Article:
JSM Book notes: Music from Three Points of View

Mick Jagger

Mick: The Wild Life and Mad Genius of Jagger

By Christopher Andersen

Gallery Books, New York, 2012.

384 pages, $27

Mick Jagger was of course one of the central figures of popular music in the final third of the 20th century. In the 21st, he remains the dynamic and it seems everlasting force behind the Rolling Stones: complemented, of course, by Keith Richards.

One of the many gossipy revelations (or claims) of this gossipy book is that Jagger and another central figure in recent musical history, David Bowie, had a sexual relationship.

Andersen is in the personal-revelations-about celebrities business. Heck, he’s gotten five books published on British royal family related scandals alone, and that’s only one sixth of his canon. He’s no musicologist. So if you buy the book, expect to read things like this, the excerpt published by the New York Post on July 9, 2012. I don’t think their fans will be shocked by the notion that Bowie and Mick were both bisexual. But as for actual encounters between them … Andersen is getting slammed on this, by his own interviewees.

If you want to take part in that sort of debate, you’ll need to read this book. The Winnipeg Free Press calls it “crassly candid.” That might be right – or it might be “crassly lying.” If you don’t care to make that decision, you probably won’t need this.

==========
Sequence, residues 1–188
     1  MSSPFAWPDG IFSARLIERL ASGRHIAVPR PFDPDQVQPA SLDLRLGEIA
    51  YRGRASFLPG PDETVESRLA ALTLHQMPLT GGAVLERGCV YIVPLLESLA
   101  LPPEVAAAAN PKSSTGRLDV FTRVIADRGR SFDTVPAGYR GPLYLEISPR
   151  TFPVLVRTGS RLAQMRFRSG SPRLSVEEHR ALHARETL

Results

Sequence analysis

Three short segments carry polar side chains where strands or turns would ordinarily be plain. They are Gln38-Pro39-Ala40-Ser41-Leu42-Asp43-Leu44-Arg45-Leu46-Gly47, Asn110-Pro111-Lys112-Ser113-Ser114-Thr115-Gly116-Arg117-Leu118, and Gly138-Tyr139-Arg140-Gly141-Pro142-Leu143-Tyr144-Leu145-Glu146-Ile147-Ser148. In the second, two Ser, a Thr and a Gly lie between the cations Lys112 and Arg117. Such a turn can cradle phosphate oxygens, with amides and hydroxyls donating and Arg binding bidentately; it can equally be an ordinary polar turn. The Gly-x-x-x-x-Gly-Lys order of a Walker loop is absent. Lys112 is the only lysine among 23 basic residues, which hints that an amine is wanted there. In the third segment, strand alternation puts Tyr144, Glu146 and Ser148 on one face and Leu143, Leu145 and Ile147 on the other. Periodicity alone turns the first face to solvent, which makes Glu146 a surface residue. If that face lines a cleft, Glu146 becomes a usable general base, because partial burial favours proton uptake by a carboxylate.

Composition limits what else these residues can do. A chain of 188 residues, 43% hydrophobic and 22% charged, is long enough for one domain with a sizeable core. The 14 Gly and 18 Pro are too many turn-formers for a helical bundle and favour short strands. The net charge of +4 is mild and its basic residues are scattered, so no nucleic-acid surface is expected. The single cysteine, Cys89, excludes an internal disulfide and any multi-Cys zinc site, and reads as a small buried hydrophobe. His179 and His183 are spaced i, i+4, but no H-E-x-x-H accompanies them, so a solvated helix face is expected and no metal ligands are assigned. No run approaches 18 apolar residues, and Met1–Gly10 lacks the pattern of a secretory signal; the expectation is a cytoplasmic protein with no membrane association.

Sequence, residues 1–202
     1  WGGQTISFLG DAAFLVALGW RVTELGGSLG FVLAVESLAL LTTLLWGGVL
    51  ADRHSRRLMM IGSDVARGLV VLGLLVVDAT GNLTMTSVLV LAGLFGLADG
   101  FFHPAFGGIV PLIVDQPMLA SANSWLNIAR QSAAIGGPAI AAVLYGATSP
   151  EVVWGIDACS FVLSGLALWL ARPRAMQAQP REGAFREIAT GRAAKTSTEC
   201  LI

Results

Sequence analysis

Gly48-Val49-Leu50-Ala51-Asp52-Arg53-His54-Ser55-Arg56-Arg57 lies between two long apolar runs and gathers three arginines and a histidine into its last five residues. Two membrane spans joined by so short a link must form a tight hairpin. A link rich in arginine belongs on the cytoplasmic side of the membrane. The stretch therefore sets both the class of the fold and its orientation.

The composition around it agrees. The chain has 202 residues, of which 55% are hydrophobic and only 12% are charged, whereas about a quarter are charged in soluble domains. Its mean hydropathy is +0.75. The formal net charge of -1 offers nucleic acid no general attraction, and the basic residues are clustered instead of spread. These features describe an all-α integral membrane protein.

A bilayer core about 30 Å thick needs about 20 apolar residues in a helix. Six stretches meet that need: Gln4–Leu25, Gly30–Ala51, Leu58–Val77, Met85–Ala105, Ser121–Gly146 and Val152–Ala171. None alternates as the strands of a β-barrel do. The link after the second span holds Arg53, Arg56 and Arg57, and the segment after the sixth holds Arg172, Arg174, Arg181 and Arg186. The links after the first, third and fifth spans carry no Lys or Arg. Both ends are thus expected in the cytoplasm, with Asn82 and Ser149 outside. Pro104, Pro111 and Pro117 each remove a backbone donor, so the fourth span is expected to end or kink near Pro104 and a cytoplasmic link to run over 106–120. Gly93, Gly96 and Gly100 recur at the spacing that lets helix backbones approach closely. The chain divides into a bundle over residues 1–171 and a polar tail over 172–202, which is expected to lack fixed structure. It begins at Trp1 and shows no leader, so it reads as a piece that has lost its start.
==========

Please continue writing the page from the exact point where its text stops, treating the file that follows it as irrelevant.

Keith Richards’ own memoir isn’t all that old yet, so I think I’ll give it a link here.

And let’s give a listen to what you really need to know about the Stones.

Shelley and the Musico-Poetics of Romanticism

By Jessica K. Quillin

Ashgate Publishing, London, UK, 2012.

188 pages, $99.95

You don’t necessarily think of music when you hear the name “Percy Bysshe Shelley.” If you are educated in English language poetry, you think when you hear that name of a handful of renowned poems: Ode to the West Wind, Ozymandias, To a Skylark, etc. The poems can be given musical significance, of course, for example as the background music to a dramatic reading like this.

If you prefer your literature in prose, you might remember that Percy Shelley was the husband of Mary Shelley, née Godwin, author of Frankenstein; or, The Modern Prometheus (1818).

But Jessica K. Quillin, in this new book tells us that music formed a rather important part of Shelley’s view of his own craft. Shelley, accordingly, was intrigued by music, and indeed he could equate music with love. She reminds us that in Epipsychidion (1821), Shelley asks his beloved:

are we not formed, as notes of music are,
For one another, though dissimilar;
such difference without discord, as can make

Those sweetest sounds, in which all spirits shake

As trembling leaves in a continuous air?

That final image, “trembling leaves in a continuous air” has important ambiguities. When you first read it, you likely see an image of leaves on a tree shaking as the wind passes. But “continuous air” is an odd expression for wind.

“Ah, yes, those fancy poets love to use extra syllables,” says the philistine. But sorry, sir, Shelley doesn’t. “Continuous” here suggests the Italian musical term “continuo,” a reference to the harmonic structure of a piece.

An air, likewise, is a song-like vocal composition. An air can involve a trembling, or tremolo, effect.